David Stokes

Those of us here at the Show-Me Institute have strongly supported the midwife legislation passed by the legislature. The various reasons for this were generally simple: Responsbile adults should have the right to choose who will assist them in the birthing process. To this end, the final legislation that made it through was great (how it made it through is another issue) — a simple rule allowing midwives certified by a national organization to work in Missouri. However, from this article in the Springfield News-Leader, it appears that Missouri midwifes might be looking a gift horse in the mouth, to use a related medical term:

This year we proposed a bill that would set up a comprehensive licensure board, modeled after many other states, for Certified Professional Midwives.

CPMs go through thorough [sic] pregnancy and birth education (the academic portion of their work takes two to six years) and rigorous training (including 1,350 clinical hours one-on-one with a senior midwife and attending a minimum of 40 births, 20 where they must act in the primary role under supervision in an out-of-hospital setting). Then CPM applicants sit for an eight-hour written exam and pass a skills assessment.

The bill would have allowed midwives with CPM certification to apply for a Missouri license. It would provide a regulatory mechanism to investigate and, if necessary, punish a midwife just as the Missouri State Board of Nursing does.

I hope that midwifes do not continue to push for this legislation in future sessions. As the world of government grows and turns, it appears that midwifes want to be regulated just as much as the doctors who fought against them are — and for the same reason every existing group likes its own certifications. That reason is to make it harder for newcomers to perform the same job, and to diminish competition. Being that midwifes haven't even been allowed to start competing yet, it is unfortunate that they seem to be already trying to get a midwife monopoly going.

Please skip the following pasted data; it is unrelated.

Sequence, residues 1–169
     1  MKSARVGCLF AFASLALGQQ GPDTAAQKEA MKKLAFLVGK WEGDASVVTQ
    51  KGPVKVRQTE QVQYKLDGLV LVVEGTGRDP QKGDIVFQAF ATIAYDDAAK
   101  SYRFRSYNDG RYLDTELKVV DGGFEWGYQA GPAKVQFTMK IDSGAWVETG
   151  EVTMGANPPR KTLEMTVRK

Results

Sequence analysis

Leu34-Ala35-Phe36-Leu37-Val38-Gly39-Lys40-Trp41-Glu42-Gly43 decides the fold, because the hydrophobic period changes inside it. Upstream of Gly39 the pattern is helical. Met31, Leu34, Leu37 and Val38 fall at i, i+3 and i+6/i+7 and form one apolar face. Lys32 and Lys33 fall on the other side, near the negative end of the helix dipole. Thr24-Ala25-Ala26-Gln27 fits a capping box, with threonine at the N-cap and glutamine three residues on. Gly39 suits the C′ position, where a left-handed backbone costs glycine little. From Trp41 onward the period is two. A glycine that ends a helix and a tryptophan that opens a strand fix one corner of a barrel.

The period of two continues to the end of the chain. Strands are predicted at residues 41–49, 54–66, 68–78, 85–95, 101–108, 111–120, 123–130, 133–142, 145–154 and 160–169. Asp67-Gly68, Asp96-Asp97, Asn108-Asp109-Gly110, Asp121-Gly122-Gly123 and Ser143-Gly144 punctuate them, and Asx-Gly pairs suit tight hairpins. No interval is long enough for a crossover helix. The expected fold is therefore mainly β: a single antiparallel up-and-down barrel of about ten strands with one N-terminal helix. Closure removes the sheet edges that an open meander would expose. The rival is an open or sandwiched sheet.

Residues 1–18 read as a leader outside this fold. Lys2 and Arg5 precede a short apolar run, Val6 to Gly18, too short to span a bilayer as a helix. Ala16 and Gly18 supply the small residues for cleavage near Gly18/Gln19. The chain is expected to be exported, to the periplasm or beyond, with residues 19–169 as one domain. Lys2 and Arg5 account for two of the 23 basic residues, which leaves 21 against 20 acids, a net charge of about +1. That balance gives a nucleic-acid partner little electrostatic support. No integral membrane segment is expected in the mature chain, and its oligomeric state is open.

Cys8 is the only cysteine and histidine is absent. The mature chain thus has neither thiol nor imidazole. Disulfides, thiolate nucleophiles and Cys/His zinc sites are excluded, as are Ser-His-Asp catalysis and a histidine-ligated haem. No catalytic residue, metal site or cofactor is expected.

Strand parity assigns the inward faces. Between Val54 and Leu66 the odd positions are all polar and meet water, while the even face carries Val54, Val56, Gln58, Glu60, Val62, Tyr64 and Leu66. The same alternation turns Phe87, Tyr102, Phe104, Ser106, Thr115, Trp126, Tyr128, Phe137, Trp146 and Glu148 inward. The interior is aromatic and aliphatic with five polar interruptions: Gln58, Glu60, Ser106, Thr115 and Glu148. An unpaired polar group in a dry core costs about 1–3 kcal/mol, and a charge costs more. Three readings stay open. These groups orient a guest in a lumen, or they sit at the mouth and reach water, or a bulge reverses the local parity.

There are other amusing items in this article. How about the above line that learning to be a midwife can take up to six years? Why would you not just be a doctor if you are going to study obstetrics for six years? There is always a medical school somewhere willing to take you. Just as good is the description of the fear those using midwives have been living under:

For the first time in 48 years, mothers won't have to tell their midwives to "park behind the barn" or worry that their home birth will be interrupted.

Birth being interrupted?  Do the cops bust in on midwives at home births like they are raiding a crack house?  Perhaps, since midwifery mostly occurs in rural Missouri, a meth lab metaphor would be more appropriate.

This is a good law that was passed to allow midwifery in Missouri. We don't need silly exagerations by midwives to prove their point. And we certainly don't need them, now that they have achived their goals, to try to practice the same exclusive regulation as other occupational groups.

Sarah Brodsky also contributed to this entry.

About the Author

David Stokes
David Stokes was a policy analyst at the Show-Me Institute from 2007 to 2014 and was director of development from 2014 to 2016.